Saturday, 6 September 2014

Monsef Sparks Interest in Mayoral Campaign

Just days after Daryl Bennett formalized his intention to seek a second term in the mayor’s office, a surprising new candidate stepped forward to challenge him – Maryam Monsef, known around town as co-founder of the Red Pashmina campaign, a local initiative raising funds for women in Afghanistan.

Monsef herself was born in Afghanistan, and as a girl escaped the country with her mother and two sisters during the rise of Islamic militant fundamentalist group known as the Taliban in the mid-1990s following the end of Soviet occupation, as reported by the Examiner.

Monsef’s announcement immediately drew more attention and provoked more excitement than Bennett’s. Of course, young women with a hint of the exotic will attract more interest than balding old businessmen any day of the week – particularly in Peterborough, which continues to hold top-five placings in Canada not only in our unemployment rate, but also in our median age (43) and lack of ethnic diversity, as confirmed by our Wikipedia  page.

Monsef arrives on the campaign scene as Bennett’s antithesis - a welcome relief to voters who suffered through the 2010 election campaign hard-pressed to distinguish between the only two candidates, Bennett and incumbent mayor Paul Ayotte. Anyone seen tossing a coin on their way into the polling station could be forgiven.

The 2014 campaign will have some colour, thanks to Monsef, and not just because of her stylish purple lawn signs. Anyone looking for background on Monsef will run into the Red Pashmina campaign, which Monsef started along with Jessica Melnik (daughter of Peterborough’s best-known radio voice Mike Melnik) while both were studying at Trent University. Profits from the sale of the cashmere shawls known as pashminas are sent to a group called Canadian Women for Women in Afghanistan  whose aim is help Afghan women and their families through education, a cause that has resonated with Peterborough’s career women and lends Monsef a feminist edge that sharply contrasts with Bennett’s old-school boys' club reputation.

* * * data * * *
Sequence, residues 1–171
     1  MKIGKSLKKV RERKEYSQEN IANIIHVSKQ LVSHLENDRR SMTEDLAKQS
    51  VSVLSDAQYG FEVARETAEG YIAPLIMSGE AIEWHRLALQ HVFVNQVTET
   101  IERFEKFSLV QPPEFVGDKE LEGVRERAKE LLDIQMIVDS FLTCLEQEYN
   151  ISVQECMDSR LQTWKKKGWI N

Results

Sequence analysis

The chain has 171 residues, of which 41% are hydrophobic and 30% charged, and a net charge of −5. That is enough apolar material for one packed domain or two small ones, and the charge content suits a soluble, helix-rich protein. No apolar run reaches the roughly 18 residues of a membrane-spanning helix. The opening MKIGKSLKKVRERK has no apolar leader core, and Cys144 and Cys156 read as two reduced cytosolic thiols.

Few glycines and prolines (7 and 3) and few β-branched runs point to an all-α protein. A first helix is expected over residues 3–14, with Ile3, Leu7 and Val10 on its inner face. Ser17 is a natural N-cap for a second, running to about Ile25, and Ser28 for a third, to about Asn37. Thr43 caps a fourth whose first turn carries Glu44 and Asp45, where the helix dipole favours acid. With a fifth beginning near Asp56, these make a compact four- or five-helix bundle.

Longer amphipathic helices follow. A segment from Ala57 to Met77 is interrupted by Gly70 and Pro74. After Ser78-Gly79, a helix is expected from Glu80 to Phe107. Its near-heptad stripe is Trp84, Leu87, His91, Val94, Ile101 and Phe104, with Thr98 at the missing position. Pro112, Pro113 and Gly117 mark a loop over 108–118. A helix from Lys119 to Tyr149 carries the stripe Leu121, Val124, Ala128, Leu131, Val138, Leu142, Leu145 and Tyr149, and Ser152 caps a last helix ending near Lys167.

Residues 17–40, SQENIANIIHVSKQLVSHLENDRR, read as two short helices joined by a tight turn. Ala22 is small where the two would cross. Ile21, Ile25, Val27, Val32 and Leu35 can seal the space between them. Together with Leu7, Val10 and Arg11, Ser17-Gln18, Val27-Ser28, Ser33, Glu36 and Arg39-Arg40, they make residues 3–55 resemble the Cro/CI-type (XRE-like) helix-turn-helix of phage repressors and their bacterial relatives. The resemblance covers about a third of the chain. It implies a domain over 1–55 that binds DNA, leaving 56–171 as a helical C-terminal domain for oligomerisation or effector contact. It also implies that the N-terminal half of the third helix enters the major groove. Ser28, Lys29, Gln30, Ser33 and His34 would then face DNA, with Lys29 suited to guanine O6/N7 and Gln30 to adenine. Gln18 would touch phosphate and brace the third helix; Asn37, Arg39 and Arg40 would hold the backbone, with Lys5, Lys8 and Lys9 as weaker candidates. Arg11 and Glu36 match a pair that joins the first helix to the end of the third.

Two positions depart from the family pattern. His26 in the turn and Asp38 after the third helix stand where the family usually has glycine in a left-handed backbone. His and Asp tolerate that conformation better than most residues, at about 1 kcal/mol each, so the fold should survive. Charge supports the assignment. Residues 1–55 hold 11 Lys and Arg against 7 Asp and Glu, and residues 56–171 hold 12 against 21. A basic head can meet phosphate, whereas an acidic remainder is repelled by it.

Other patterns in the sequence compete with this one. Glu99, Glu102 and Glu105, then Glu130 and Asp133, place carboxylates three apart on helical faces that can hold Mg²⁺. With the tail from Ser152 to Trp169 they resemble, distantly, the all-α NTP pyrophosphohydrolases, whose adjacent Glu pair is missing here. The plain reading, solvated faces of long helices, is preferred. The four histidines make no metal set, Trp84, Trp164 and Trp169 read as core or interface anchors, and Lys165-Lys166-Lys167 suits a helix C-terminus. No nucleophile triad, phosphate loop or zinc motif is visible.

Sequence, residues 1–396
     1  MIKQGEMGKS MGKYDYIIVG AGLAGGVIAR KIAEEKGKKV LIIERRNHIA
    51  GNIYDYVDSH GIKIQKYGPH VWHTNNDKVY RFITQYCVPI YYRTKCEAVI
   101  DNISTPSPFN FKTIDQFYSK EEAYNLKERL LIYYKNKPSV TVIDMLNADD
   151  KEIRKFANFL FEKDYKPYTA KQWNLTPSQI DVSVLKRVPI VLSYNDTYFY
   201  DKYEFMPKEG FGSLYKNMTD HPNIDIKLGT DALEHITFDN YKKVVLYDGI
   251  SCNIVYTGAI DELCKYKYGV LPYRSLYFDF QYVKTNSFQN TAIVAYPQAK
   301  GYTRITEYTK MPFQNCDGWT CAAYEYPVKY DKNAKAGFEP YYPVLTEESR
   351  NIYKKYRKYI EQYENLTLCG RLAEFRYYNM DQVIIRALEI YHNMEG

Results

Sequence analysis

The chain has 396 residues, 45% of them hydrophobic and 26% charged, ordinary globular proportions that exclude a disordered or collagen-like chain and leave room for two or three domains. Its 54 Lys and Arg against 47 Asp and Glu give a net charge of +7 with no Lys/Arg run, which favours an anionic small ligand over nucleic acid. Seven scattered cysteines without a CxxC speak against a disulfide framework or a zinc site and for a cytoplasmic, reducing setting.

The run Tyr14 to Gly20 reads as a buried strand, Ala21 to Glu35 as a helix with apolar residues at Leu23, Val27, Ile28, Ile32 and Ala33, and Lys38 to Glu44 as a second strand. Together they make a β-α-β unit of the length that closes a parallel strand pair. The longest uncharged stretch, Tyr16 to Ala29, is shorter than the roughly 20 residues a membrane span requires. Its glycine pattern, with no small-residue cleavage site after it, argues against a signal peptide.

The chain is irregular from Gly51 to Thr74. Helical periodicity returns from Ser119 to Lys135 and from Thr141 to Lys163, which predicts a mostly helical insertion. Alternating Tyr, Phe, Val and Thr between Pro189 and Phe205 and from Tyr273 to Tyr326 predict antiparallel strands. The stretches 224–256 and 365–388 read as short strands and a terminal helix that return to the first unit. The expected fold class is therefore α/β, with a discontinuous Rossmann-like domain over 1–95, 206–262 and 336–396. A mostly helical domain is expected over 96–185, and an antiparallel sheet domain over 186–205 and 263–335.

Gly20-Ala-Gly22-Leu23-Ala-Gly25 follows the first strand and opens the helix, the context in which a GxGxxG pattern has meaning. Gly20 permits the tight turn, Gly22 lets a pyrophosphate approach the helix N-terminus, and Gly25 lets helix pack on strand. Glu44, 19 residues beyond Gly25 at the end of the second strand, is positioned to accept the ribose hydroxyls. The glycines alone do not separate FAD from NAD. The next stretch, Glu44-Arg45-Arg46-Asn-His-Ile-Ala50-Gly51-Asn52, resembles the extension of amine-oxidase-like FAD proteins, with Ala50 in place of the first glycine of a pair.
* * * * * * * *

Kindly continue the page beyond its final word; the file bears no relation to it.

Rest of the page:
Monsef's candidacy may help lure more young voters to the polls. She'll have just turned thirty when the new council takes office on December 1st. Bennett is sixty-six. Monsef’s website says she believes that effective leadership is based on “collaboration and creativity” - concepts seldom heard in the same breath as Daryl Bennett’s name. Monsef’s father was killed in the civil unrest which drove her mother to seek refuge for herself and her three daughters in Canada. Bennett, by contrast, was given jobs by his father and his father-in-law Keith Brown, both local businessmen. Brown was Peterborough’s MPP through most of the 1960s, and formed Liftlock Coach lines in 1974, which eventually mutated into Bennett’s own Liftlock Group of Companies. Read the Examiner’s 2010 interview with Bennett to refresh your memory on his background.

What do these two polar opposite contenders for the mayor’s seat have in common? They both graduated from PCVS, located right across the road from city hall. The PCVS building is about to be approved for heritage designation by city council, which will at least prevent it from being turned into a parking lot if the school board tries to sell the property.

This past week, Monsef announced that her mayoral campaign had already raised $10,000 – one-fifth of the $50,000 spending limit she’s aiming to meet. Bennett, according to the Examiner, is planning to finance his entire campaign himself. His financial statement for 2010 states that Bennett kicked in $43,000 of his own cash to the last campaign, topped up by various realtors and developers, including Liberty Greens, a company run by Saverio Montemarano of Melody Homes.

How deep are Bennett’s pockets? This past January he pledged to spend up to a quarter of a million dollars to fight the Ontario Civilian Police Commission’s case regarding his conduct as a member of the police services board.

Unlike federal and provincial elections, there’s no limit to the amount of personal cash candidates can spend in the effort to get themselves elected to municipal office in Ontario.

Maybe Dean Del Mastro should have run for mayor, instead of MP. Del Mastro’s $21,000 personal cheque to a consulting firm put him in hot water with Elections Canada and got him ejected from the Conservative caucus on Parliament Hill. Final summations were made this week in court, and the judge says she’ll make her decision known on Hallowe’en, just days after the municipal election.

Should make for an interesting trick-or-treating season.

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